Note that DPA and DH are especial cases of DPAH where only the indegree mechanism varies. This means that, the outdegree distribution remains the same as in DPAH: it is driven by the activity model. Additionally, we include a random model where both source and target nodes are chosen at random (i.e., directed ErdösRényi model^{42}). Table 2 shows the parameters adjusted in each model. Number of nodes n and edge density d are arbitrary in the sense that they are not part of the edge formation mechanism. Thus, we fix them to make a fair comparison across all models.
Empirical networks
We inspect four networks from different domains and compute the inequalities and inequities produced by PageRank and WTF. Table 3 shows the most important properties of these networks.

APS: The American Physical Society citation network wh ose nodes represent articles, and edges represent citations. The binary class of each node is \(\text {pacs}\) and encodes two different Physics subfield s w he re \(\text{05.20.y}\) ( C la ssical statistical mechanics) is the minority.

Hate: A retweet network^{53} where nodes denote users, and edges represent ret weets among them. Users are labeled as either \(\text {hateful}\) or \(\text {normal}\) depending on the sentiment of their tweets. Hateful users represent the minority.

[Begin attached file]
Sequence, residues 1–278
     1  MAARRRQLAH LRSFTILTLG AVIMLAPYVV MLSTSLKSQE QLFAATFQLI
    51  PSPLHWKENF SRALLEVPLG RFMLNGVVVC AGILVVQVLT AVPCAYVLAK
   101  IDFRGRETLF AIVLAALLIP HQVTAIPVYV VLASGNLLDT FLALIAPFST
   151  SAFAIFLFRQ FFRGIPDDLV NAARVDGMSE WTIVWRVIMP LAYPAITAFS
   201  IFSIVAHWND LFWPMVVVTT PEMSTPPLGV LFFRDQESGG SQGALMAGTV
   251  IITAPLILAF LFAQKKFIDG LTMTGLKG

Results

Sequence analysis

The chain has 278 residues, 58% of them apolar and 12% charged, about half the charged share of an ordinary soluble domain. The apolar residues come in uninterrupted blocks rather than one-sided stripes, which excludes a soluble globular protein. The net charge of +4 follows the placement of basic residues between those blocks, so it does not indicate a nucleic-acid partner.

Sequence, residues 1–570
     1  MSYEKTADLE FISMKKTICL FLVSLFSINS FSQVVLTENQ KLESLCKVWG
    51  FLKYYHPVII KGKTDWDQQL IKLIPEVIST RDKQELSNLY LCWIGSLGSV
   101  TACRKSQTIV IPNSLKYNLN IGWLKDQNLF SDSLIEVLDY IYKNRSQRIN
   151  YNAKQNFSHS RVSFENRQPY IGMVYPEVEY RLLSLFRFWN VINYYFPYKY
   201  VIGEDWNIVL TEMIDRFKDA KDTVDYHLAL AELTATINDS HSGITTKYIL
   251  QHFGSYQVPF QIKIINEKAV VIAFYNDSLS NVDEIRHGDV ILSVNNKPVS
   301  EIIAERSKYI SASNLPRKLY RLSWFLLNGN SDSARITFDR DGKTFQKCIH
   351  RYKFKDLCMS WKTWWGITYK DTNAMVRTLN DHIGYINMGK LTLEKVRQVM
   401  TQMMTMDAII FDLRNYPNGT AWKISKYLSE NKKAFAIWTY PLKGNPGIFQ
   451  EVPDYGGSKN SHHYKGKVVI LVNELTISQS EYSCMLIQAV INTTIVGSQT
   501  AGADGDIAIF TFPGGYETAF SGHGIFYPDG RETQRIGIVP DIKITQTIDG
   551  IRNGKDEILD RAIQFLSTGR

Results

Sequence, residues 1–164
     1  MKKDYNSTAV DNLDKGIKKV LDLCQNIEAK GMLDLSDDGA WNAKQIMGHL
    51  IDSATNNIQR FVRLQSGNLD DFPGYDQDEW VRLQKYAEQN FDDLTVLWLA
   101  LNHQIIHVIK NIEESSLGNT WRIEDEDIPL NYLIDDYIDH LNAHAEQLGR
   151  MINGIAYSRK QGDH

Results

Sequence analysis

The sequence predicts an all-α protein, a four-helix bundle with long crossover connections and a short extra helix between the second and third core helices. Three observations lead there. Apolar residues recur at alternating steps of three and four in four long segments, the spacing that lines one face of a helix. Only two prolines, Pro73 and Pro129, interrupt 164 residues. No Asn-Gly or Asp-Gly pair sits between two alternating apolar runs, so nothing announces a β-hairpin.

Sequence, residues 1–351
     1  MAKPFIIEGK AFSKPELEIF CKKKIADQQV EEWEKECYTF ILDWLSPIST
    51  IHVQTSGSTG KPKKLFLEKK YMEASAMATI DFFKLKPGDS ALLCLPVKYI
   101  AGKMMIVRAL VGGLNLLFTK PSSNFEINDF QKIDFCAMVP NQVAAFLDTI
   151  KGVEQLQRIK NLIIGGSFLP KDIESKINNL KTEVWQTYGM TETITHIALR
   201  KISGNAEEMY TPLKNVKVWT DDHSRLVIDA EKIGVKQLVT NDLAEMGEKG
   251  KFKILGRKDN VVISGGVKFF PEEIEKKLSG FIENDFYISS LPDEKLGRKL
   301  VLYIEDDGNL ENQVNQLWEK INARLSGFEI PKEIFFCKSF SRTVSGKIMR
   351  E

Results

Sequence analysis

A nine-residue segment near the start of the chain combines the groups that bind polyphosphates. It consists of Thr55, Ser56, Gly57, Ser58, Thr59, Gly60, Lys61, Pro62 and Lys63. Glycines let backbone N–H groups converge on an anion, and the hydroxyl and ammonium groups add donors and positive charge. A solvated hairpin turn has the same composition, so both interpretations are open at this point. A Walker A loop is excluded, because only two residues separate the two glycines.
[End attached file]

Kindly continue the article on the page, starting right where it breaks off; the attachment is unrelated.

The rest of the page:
Blogs: An hyperlink network from political blog posts about the 2004 U.S. election^{54}. Nodes represent blog pages, and edges hyperlinks among them. Each blog is labeled as either \(\text {right}\) or \(\text {left}\)leaning. The latter represents the minorities.

Wikipedia: A Wikipedia hyperlink network where nodes repres ent U.S. politicians^{55,56} labeled as either male or female. Female politicians re present the minorities.
Ranking and recommendation algorithms
There exist a variety of ranking and recommendation algorithms that follow different strategies depending on the nature of the problem. For instance, in information systems, items such as content, Web pages, and products are ranked to recommend users what to read or buy^{57}. In social networks, however, people are ranked to identify their hierarchy or importance^{58,59,60}, and recommended to other users in order to establish new connections^{61,62,63,64}. These rankings and recommendations are based on algorithms that often rely on whom we are already connected with. In this work, we focus on two such algorithms widely used in practice^{65}: PageRank^{11} and WhotoFollow (WTF)^{8}. While PageRank determines the global ranking of nodes in comparison with all other nodes, WTF deals with ranking nodes in a node level and thus remains a local measure. For that reason, we focus on these two algorithms to capture both dimensions.
PageRank
It was invented to rank all web pages in the Web^{11}, and has been used in several applications^{65}. For example, to study citation and coauthorship networks^{66,67,68}. PageRank assigns an importance score to every single node in a network. This score takes into account the number and quality of incoming links of each node. The PageRank of node i is defined as follows: